4. February 5, 2011 at 12:12 am
    rah

    Ang hindi ko gets sa mga Egyptians eh bakit masyado silang concerned sa “image nila.” Pati mga inosenteng mga reporters ginugulpi nila kasi feeling nila, nine-nega ng mga reporters ang “image” ng Egypt. Duh, napakabackward nila, ngayon lang sila nakakita ng journalist at reporters??

    Besides, hindi ko gets kung anong pinalalaban ng mga protesters na yan, I mean, if ever mag succeed sila, ano? gusto nila ng communism? socialism mixed with islam? Considering manalo ang mga protesters, gusto nila patay laht ng jews para magkaron ng “cleansing” sa society nila?

    Etong si mumbarak naman, isa pa tong ulupong eh. Bida bidahan na tyrant.

    I doubt it kung may bagong lipunan na maganap sa egypt kahit pa manalo kahit sinong side. Ang problema ay yung utak nila. Baliw na sila. Ewan ko pero tama siguro yung nagsabi na “Todays slaves, are tomorrow’s tyrants” – di malayo magiging cycle lang din ulit yan, until magkaroon ng totoong rebulusyon.

  5. February 5, 2011 at 12:30 am

    palagay ko, rah, sa tagal ng diktadurya ni mubarak, 30 years, medyo nabobo na ang people, parang they have no idea what it takes to effect the kind of change they want, so parang sa amerika sila umaasa na basta, paalisin si mubarak at ayusin ang gobyerno

  6. February 5, 2011 at 12:57 am
    UP nn grad

    Bagong twist. Iran’s Ayatollah Khamanei declaring Mubarak a traitor dictator to Egyptian people.

    What if Iran Ayatollah declares a fatwa on Mubarak? Giyera kaya?

    NOTE: Iranians are not Arabs. Nag-giyera noon, Persians versus Arabs (Iran versus Iraq)… baka round 2 Persians-v-Arabs (Iran v Egypt) fought with missiles and aircraft versus tanks (hindi contiguous borders).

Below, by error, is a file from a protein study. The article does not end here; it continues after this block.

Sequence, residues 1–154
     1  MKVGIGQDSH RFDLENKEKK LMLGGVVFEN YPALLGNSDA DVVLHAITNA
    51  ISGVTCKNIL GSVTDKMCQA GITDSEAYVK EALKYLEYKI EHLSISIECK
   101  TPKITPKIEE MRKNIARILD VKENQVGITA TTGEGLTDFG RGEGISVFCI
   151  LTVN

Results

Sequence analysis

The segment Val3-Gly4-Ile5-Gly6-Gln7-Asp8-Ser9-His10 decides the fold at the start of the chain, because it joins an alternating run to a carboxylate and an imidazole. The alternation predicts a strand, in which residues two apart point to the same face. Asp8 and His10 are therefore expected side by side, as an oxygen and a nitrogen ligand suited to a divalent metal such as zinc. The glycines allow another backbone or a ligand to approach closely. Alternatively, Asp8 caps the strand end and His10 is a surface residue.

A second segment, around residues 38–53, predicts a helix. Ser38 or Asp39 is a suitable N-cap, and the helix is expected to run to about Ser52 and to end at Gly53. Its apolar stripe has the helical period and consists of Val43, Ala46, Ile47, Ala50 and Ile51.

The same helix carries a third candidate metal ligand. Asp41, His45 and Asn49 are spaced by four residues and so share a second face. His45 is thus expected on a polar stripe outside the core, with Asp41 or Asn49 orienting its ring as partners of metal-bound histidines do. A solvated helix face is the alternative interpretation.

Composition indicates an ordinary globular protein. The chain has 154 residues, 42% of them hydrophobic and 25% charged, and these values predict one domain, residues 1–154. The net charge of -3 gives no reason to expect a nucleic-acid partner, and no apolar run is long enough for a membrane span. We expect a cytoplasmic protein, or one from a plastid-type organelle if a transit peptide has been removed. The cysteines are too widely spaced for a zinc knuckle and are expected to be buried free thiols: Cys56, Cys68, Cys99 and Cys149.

7. February 5, 2011 at 6:19 am
    GabbyD

    what do you expect obama to do?

  8. February 6, 2011 at 12:40 am
    UP nn grad

    Obama to do a Reagan-on-Marcos. Remind Mubarak to keep the hakot-thugs in check. Offer a safe place for Mubarak to go to (not to USA but maybe to Singapore, but more likely to an African country or to some small town in Switzerland). Talk to Egypt generals to thread that line that (1) prevents civil war [withdraw support from, but still providing security around Mubarak], (2) prevents the radicalization of the country of Egypt (“secular” remains viable; the minority Islam-sects still have protection; supra-radical Islam kept in check); (3) maintain status-quo Egypt’s relationship with Israel.

    Then hopefully when the dust settles, Egypt remains where the country continues to accept visiting workers from Philippines, Bangladesh, others.

    As for the younger Mubarak, maybe he does a BongBong and years from now become a viable contender to be President-Egypt.

  9. February 6, 2011 at 12:21 pm

    I expect Obama to do what he is doing now…destabilizing the government of Mubarak, then replace him with another puppet government, Obama hoping and crossing his fingers that the Islamists and the Muslim Brotherhood will just look on and cheer him, hehehehehehehe.